Despite muddy conditions on the course at Franklin Park in Boston, the Jumbos finished fourth at Saturday’s NESCAC Championship. Middlebury earned 47 points from its top five runners to win its 14th NESCAC Championship in program history, while three-time defending champion Williams finished second with 73 points. Wesleyan (84 points) placed third, followed by Tufts with 124 points.
Tufts ran a 5k course at Franklin Park just three weeks ago in the All-New England Championship. Senior co-captain Natalie Bettez finished first with a time of 17:57.85, becoming the first Tufts runner in 38 years to win the event.
In this weekend’s 6k event, however, Bettez was pipped to first by Colby sophomore Sophia Gorman, who clocked a time of 21:54.8 — a marked improvement from her 30th-place finish last year. Bettez followed Gorman to the finish line, placing second in a time of 22:08.4.
“Based on my experience with championship races, you never know who is going to have a breakout day, so my goal was just to put myself in the front pack,” Bettez said. “The first-place finisher had a great race and stayed strong the whole way through, so I just tried to run my race.”
With her second-place finish, Bettez earned All-NESCAC honors for the third consecutive year — a testament to her remarkable consistency. After finishing second at the conference championship meet as a sophomore, she placed sixth last year.
“I am happy with my senior season, overall,” the Bolton, Mass. native said. “It’s nice to see the work from the last four years pay off, and [it was] a great way to finish my career at Tufts.”
Meanwhile, the rest of the Tufts pack performed admirably, finishing within seconds of each other. Senior Olivia Barnett placed second for the Jumbos, finishing 24th overall with a time of 23:24.4. First-year Anna Slager, in her NESCAC Championship debut, crossed the line in 23:40.3 for 29th place. Junior Lydia Heely (23:49.1) rounded out Tufts’ top five, finishing 33rd overall, while senior co-captain Kelsey Tierney (23:53.1) finished 36th.
“I think we struggled with the elements,” Slager said. “It was just a difficult race with the [number] of people there. We had several falls because of the slipperiness of the course. I personally feel it was a harder 6k than we had run before because there were more hills than our previous 6k [races] … We just have a lot of room for improvement.”
Tierney also commented on a similar sense of disappointment in her personal results.
“I’m not happy with my own performance,” she said. “I typically have my best races when I go out too fast and just hang on for as long as I can, but with the conditions, I figured the race would go out slow and that if I went out slow, I would have more energy to keep myself from falling. I was wrong because about [one kilometer] in, I realized Middlebury’s [top six] runners and a bunch of Williams and Bowdoin runners were already way ahead of me. That early gap ended up being too big to close.”
Despite finishing among the upper echelon of teams at the conference championships, the Jumbos were not satisfied with their result.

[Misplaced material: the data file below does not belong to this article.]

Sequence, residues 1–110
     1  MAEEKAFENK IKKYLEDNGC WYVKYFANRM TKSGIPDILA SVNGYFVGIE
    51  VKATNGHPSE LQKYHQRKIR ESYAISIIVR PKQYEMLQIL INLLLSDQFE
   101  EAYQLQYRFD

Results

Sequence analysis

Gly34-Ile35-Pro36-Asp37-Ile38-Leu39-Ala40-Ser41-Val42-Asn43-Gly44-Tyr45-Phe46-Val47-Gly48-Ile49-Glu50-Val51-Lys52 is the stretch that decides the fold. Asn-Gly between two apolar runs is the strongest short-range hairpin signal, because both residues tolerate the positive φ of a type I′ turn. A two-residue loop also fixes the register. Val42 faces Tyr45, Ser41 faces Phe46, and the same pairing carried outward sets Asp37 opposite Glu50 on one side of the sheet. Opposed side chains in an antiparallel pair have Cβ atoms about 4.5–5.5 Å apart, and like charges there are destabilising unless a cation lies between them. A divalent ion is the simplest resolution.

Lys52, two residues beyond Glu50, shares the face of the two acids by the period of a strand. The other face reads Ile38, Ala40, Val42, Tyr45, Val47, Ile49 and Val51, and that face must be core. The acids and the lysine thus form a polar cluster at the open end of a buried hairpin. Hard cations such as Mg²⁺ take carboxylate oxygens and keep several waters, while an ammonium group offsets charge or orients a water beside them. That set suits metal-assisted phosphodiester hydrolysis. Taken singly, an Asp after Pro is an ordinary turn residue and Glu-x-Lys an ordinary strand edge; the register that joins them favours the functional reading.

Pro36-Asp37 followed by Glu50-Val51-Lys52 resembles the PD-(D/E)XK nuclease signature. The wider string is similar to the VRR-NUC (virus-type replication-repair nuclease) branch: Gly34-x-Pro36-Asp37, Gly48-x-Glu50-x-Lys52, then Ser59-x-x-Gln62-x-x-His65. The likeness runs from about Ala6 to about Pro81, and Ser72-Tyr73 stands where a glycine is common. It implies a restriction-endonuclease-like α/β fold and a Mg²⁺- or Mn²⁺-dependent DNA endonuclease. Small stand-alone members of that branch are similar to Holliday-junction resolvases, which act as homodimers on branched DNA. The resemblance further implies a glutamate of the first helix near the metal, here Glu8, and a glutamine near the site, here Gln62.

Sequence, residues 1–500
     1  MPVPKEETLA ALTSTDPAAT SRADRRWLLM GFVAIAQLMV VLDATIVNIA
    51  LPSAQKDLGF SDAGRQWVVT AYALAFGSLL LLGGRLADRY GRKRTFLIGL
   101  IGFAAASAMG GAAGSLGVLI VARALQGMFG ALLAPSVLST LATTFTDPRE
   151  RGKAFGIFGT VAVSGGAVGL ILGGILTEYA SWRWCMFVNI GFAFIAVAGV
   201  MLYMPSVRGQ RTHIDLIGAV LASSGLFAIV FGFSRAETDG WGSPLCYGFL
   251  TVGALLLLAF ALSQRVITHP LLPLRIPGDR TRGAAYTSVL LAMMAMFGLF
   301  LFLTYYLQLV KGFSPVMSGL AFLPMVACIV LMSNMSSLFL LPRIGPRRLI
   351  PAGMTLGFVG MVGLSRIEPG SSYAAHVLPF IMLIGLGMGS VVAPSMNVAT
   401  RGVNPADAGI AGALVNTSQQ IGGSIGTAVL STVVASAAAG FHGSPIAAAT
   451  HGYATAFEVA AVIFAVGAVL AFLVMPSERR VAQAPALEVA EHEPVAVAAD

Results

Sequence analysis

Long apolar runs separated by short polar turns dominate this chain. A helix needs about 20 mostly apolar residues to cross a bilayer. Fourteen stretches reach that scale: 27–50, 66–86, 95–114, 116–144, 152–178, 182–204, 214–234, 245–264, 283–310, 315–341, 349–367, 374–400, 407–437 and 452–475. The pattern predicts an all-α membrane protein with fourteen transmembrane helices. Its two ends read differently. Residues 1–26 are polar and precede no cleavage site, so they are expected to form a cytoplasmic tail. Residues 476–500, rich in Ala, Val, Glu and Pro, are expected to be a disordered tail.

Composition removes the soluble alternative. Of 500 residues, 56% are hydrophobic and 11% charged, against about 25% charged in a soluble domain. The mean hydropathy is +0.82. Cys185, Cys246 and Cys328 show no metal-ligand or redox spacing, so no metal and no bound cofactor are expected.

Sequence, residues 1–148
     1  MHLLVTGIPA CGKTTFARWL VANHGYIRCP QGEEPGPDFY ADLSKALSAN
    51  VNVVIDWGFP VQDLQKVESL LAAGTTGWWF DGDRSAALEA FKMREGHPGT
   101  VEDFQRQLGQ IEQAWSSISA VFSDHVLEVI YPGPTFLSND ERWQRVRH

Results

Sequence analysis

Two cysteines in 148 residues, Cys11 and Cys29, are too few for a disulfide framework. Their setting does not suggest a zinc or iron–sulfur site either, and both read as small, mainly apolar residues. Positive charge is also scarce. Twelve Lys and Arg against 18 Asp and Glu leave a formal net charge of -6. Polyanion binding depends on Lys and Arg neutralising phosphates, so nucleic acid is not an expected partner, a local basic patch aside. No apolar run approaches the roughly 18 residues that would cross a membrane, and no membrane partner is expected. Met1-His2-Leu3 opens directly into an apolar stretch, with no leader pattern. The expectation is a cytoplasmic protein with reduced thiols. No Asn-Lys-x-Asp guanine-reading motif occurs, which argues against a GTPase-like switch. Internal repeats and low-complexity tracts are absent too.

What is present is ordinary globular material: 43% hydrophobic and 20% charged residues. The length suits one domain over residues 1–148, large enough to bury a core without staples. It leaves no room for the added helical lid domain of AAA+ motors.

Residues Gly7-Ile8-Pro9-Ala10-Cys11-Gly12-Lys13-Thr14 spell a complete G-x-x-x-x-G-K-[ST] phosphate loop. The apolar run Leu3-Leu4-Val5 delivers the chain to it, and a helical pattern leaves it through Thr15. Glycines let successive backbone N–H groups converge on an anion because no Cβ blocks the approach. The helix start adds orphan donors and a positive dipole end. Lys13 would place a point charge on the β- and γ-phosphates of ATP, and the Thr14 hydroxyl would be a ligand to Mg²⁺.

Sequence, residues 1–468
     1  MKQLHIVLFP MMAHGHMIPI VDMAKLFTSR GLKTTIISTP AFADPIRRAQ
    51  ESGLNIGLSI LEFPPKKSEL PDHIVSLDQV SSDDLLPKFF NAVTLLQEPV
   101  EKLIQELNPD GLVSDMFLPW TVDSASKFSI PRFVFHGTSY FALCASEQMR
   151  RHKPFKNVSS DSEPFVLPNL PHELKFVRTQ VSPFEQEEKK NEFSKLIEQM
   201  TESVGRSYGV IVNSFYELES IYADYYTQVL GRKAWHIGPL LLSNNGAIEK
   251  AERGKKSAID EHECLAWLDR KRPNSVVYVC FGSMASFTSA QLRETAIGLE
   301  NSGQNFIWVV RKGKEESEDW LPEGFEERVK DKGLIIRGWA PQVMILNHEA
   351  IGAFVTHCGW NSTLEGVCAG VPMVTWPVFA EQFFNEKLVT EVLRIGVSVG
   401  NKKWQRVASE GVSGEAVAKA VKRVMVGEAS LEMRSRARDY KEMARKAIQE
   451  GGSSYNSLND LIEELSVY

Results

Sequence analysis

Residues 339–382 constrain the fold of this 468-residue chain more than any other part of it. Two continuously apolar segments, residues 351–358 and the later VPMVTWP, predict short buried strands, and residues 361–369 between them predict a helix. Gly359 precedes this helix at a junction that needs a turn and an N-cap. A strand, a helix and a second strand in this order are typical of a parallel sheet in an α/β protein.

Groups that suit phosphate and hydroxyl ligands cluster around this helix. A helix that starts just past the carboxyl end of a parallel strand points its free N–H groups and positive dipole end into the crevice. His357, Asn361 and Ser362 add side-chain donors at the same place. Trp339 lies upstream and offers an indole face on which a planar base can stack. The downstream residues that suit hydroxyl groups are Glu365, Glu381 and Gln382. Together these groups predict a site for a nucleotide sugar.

“We feel that we could have done much better,” Bettez said. “Every team has off days, though, and … we had a lot of factors working against us.”
The poor weather created controversy among the runners around the conference’s decision to hold the event.
“The conditions were terrible, but they were terrible for everyone out there,” Tierney said. “One of our runners, Lydia [Heely], wiped out really hard right in front of me in some thick mud on a sharp turn. It was a really hard fall, and I was immediately worried about her hip or that she wouldn’t be able to finish, but she got right back up and pulled through for us … I honestly think the NESCAC should have postponed the meet until Sunday, but I guess there were concerns with the hotels for visiting teams. I don’t say this because I think we would have placed better in normal weather, but because concussions are dangerous and impact day-to-day life outside of training.”
The team will travel to Brunswick, Maine on Nov. 10 for the NCAA Regional Championships, hosted by Bowdoin. The Jumbos will have to show improvement there if they wish to keep their season alive, with a bid to the NCAA Championship on the line. Tufts has placed among the top three teams at the regional meet in each of the last three years, and the team feels optimistic about its prospects this year.
“We’re all really excited for Regionals and really need to show up as a team because … we are a top Div. III team and we deserve to be at the top,” Barnett told the Daily in an email. “I think if we all go into Regionals with strong, rested legs and a good mentality we can crush it. It’s also a flat course which is great and everyone comes and cheers with posters of our faces … Regionals last year was my personal best race ever in cross-country and our team did amazingly – hopefully we can do that again this year.”
Tierney agreed that the flat course will aid the team and expressed confidence in the team’s ability to put this weekend’s disappointment behind it.
“I think the team will bounce back, like we did last year, and place second or third at Regionals,” she said. “That course is extremely flat and fast, which really benefits me and some of our other runners.”